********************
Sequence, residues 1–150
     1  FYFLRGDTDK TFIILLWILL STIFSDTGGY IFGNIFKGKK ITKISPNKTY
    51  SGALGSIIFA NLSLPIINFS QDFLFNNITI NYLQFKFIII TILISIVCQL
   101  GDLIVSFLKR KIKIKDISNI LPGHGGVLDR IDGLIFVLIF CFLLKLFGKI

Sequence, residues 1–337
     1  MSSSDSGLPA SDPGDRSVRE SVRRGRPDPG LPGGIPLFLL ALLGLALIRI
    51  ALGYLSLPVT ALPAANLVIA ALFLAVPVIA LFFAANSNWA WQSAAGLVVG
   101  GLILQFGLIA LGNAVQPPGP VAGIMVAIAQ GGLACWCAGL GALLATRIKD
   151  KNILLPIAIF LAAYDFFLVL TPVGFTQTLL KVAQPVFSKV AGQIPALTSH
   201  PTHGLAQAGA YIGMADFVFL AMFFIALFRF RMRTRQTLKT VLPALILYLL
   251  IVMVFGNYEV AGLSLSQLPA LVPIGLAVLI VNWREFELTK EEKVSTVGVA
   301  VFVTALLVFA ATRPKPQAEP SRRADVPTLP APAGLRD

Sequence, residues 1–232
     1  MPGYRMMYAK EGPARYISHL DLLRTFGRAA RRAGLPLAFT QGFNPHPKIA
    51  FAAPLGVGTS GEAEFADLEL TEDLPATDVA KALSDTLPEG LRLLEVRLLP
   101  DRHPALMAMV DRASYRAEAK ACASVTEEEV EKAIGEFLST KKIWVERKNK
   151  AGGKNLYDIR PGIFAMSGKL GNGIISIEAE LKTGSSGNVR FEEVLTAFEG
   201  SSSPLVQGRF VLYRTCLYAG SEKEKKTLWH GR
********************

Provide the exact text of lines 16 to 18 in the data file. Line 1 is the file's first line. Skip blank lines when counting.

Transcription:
   101  DRHPALMAMV DRASYRAEAK ACASVTEEEV EKAIGEFLST KKIWVERKNK
   151  AGGKNLYDIR PGIFAMSGKL GNGIISIEAE LKTGSSGNVR FEEVLTAFEG
   201  SSSPLVQGRF VLYRTCLYAG SEKEKKTLWH GR